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Johns Hopkins Health - Get Your D

Winter 2009
Issue No. 3

Get Your D

Date: January 24, 2009


Many of us have long associated vitamin D with bone-strengthening properties. But inadequate levels pose an even more lethal risk to overall health, Johns Hopkins researchers say.

In addition to increasing the risk of some cancers, vitamin D deficiencies have been tied by Johns Hopkins team members to substantially increased death due to heart disease. Those results, notes study co-investigator Erin Michos, M.D., make it clear that blood levels of vitamin D should be monitored.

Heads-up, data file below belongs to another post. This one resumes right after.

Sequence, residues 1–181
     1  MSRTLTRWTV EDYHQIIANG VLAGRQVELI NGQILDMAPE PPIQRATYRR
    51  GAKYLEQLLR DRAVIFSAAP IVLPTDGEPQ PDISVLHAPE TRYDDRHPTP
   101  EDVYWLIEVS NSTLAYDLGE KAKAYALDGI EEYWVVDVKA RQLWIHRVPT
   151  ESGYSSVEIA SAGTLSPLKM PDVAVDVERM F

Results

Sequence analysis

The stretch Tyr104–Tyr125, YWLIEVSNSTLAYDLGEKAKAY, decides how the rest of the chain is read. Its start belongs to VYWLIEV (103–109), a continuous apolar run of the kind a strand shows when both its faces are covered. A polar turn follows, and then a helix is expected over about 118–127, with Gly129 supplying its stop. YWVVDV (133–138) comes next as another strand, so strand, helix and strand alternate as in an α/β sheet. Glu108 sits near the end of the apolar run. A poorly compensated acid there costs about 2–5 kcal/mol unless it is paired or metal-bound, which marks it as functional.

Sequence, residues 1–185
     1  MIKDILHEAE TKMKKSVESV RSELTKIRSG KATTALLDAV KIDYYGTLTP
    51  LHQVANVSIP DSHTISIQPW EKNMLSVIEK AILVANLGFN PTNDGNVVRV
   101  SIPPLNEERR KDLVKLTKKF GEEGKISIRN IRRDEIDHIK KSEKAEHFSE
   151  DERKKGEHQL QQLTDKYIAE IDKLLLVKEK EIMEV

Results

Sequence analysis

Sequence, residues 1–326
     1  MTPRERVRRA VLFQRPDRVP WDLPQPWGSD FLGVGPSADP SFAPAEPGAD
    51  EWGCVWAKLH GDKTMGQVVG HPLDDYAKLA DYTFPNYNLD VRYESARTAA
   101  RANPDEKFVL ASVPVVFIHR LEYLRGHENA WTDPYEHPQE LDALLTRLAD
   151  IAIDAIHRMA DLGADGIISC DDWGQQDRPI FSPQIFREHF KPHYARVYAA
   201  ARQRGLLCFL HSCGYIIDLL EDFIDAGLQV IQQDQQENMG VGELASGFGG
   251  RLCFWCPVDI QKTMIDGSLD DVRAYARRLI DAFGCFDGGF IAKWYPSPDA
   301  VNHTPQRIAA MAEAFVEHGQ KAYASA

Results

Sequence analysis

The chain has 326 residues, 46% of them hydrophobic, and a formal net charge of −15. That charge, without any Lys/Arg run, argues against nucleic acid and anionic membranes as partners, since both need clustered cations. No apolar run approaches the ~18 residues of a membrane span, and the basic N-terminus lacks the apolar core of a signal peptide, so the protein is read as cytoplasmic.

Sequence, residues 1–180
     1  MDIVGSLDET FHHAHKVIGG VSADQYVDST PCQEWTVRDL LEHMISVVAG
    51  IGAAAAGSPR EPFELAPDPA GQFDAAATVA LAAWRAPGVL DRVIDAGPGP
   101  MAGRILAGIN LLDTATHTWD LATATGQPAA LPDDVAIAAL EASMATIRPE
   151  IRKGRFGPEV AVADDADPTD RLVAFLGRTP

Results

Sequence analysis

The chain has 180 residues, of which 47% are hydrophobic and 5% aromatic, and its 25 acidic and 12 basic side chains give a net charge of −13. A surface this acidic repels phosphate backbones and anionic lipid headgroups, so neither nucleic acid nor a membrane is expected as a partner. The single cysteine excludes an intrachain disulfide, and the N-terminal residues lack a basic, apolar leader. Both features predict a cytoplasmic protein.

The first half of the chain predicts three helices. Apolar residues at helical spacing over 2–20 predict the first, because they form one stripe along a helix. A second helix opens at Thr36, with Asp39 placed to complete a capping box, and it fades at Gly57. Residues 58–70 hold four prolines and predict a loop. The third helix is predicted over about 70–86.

Supplements are OK, but the best sources for vitamin D are brief daily exposure (10 to 15 minutes) to sunlight, fortified dairy products, and fish such as sardines and mackerel. Experts recommend 200 to 400 international units a day for adults and children.

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